Delivery riders’ lives are being put at risk because the government is failing to act quickly enough to safeguard their working conditions, according to the Transport Workers Union (TWU).

The union yesterday urged the NSW Coroner to proceed with inquests into the deaths of delivery riders killed in 2020 to make recommendations about protecting workers rights and improving conditions in the gig economy.

Over three months in 2020 five riders died while working on the job and two years later their families are still fighting for change.

“The time has come for governments to act. The time has come to make sure that these people that we’ve lost, that their lives are not in vain,” said TWU national secretary Michael Kaine.

“You would think that there might not be anything more tragic than losing these people, but there is something more tragic, and that is the loss of hope that things can get better.”

delivery riders

Photos of the delivery riders at yesterday’s vigil. Photo: James Fitzgerald Sice

A vigil was held yesterday afternoon outside the NSW Solicitor’s Office in Sydney to commemorate Xiaojun Chen, Dede Fredy, Bijoy Paul, Ik Wong and Burak Dogan, the delivery riders who lost their lives on the job.

In November 2020, the NSW Government established a task force that aimed to “identify the key contributing factors leading to death and serious injuries among riders and engage food delivery platforms, food outlets, unions, and advocacy groups to develop a plan to find sustainable solutions to the issues known to put riders at risk whilst they are at work”.

This led to the publication of the Working together to improve Food Delivery Rider safety industry action plan (IAP) in April 2021. However, before the IAP’s publication, the TWU pulled out of the task force because of “its sustained refusal to discuss regulation or tackle the root causes of high rider deaths and injuries” meaning there was no worker representation when the task force presented the IAP in late April 2020.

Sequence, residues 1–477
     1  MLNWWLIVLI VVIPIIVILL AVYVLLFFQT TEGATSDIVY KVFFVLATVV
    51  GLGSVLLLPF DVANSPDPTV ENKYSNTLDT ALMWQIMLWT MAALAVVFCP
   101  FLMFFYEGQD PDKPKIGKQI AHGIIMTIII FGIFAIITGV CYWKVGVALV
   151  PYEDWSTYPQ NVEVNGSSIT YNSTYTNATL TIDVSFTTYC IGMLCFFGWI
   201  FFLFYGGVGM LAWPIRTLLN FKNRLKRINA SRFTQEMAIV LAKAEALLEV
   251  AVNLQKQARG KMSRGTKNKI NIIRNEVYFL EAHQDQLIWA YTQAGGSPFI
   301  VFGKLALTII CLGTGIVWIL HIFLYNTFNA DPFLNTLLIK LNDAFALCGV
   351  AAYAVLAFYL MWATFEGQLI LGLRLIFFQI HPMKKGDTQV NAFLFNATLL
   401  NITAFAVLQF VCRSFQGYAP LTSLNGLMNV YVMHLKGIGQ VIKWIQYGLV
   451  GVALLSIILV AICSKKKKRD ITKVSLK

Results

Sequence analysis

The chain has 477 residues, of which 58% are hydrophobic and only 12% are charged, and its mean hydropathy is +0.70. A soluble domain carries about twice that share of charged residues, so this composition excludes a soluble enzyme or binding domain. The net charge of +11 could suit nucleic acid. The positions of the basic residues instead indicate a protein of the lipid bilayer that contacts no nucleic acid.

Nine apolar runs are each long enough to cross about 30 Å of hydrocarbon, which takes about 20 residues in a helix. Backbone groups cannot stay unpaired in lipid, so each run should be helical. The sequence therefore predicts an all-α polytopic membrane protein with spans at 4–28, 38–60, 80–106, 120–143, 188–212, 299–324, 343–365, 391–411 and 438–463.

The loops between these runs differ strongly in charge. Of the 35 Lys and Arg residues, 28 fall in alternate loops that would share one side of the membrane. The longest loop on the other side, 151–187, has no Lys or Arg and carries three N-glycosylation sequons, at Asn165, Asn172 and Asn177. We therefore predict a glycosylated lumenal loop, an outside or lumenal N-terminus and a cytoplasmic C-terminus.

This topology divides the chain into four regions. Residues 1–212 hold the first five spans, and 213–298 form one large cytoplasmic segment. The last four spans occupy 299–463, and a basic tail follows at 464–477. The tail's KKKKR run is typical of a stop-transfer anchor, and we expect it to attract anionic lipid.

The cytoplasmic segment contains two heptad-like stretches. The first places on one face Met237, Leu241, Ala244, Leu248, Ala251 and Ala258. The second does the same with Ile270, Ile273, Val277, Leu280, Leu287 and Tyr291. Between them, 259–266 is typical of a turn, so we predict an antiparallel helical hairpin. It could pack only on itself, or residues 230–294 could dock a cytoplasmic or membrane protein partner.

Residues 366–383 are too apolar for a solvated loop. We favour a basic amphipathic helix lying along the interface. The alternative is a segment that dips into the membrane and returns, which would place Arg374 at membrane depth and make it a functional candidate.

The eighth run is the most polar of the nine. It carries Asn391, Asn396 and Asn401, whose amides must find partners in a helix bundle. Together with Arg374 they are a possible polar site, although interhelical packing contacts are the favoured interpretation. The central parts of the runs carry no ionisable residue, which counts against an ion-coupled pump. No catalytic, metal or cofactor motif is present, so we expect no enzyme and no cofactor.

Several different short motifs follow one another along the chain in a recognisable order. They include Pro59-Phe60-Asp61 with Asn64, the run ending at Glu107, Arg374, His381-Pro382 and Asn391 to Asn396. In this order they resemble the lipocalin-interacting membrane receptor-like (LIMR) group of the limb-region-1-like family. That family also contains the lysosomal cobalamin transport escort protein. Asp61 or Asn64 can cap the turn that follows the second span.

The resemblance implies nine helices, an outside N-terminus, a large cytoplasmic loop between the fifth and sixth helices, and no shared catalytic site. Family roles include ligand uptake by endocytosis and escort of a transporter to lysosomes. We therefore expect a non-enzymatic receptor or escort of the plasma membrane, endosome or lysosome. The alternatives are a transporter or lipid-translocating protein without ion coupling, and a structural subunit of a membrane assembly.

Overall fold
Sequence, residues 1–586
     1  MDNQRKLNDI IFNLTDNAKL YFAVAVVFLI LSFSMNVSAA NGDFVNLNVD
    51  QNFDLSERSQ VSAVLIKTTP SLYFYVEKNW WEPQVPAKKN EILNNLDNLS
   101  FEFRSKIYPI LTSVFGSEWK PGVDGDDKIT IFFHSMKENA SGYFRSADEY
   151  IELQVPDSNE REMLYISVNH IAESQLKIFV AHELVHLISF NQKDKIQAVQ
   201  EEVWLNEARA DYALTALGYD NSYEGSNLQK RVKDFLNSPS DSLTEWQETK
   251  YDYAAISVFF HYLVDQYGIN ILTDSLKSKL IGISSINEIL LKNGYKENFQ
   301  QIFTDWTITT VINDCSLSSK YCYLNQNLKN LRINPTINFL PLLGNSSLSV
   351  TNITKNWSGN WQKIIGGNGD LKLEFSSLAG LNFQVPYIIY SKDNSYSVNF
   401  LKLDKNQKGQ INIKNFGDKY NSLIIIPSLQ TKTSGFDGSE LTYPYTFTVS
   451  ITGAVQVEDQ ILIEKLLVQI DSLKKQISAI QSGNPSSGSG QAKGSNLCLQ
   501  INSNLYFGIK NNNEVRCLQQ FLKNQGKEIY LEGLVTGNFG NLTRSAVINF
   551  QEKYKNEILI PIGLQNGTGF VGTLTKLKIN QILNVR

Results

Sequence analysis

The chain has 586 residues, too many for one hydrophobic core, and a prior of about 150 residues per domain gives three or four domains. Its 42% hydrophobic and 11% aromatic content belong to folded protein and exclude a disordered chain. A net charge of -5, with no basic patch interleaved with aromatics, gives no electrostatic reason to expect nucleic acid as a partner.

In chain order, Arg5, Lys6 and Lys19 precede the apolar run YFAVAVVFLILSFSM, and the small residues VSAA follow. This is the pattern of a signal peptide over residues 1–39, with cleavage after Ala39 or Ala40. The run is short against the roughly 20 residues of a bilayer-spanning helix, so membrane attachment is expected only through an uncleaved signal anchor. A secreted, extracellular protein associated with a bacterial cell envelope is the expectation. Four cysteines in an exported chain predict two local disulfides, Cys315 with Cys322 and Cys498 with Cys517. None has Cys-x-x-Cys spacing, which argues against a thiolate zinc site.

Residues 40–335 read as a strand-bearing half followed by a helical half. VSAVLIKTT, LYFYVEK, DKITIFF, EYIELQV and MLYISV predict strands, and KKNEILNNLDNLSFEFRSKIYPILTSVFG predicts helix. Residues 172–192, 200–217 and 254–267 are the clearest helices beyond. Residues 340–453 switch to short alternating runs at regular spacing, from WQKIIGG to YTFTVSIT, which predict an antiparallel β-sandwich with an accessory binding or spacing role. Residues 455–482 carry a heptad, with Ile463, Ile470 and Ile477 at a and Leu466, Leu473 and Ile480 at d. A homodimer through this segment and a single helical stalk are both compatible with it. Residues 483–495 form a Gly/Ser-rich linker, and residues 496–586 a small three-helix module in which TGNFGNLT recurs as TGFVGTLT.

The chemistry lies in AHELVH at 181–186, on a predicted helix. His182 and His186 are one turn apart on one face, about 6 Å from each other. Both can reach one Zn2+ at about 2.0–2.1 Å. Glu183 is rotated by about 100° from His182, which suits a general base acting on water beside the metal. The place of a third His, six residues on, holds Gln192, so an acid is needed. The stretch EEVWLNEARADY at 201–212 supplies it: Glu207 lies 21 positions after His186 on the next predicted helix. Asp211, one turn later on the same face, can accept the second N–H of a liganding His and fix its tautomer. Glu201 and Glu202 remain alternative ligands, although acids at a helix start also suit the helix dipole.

When you have no choice about the work you do… starvation wages or starvation, then people pick starvation wages.

“In the inquiry we heard government representatives saying if you enter into the contract, then you’ve accepted the contract,” said NSW Labor Senator Tony Sheldon, “when you have no choice about the work you do… starvation wages or starvation, then people pick starvation wages.”

An Uber spokesperson told Central News the company has “accelerated (their) product roadmap in support of safe delivery,” which included a range of safety initiatives such as the roll-out of personal protective equipment, in-app tech features and education modules which have been built specifically for the Australian market.

“Any fatality on our roads is one too many. The loss of Dede Fredy, Bijoy Paul and Ik Wong is devastating, and our thoughts are with their family and friends,” said the spokesperson.

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MP Tony Burke, injured rider Paolo and the TWU’s Michael Kaine. Photo: James Fitzgerald Sice.

Central News contacted Menulog and Deliveroo for a comment but they did not respond.

At Tuesday’s vigil, the TWU National Secretary Michael Kaine said the IAP “said what we all knew… what we need are governments who will lift the pressures, governments who will say ‘this work is unsafe’.”

In 2021 the NSW Coroner’s Court confirmed it would inquire into the deaths of four of the five delivery riders – Xiaojun Chen, Dede Fredy, Bijoy Paul, Ik Wong.

But the TWU is pushing for the coroner’s inquest to include Burak Dogan whose death “was not reported as a workplace death by Uber Eats which claimed he wasn’t working at the time”.

Michael Kaine stated these investigations ‘were long overdue’ and a “NSW coronial inquest would shine a spotlight on the deadly pressures on food delivery riders”.

“We owe it to those who’ve lost their lives, we owe it to their friends, we owe it to their families, that when we are here in 12 month’s times, we are here with more rights for workers, not more photographs of the people we’ve lost,” said federal Labor MP Tony Burke, speaking at Tuesday’s vigil.

Main image, top, of rally by James Fitzgerald Sice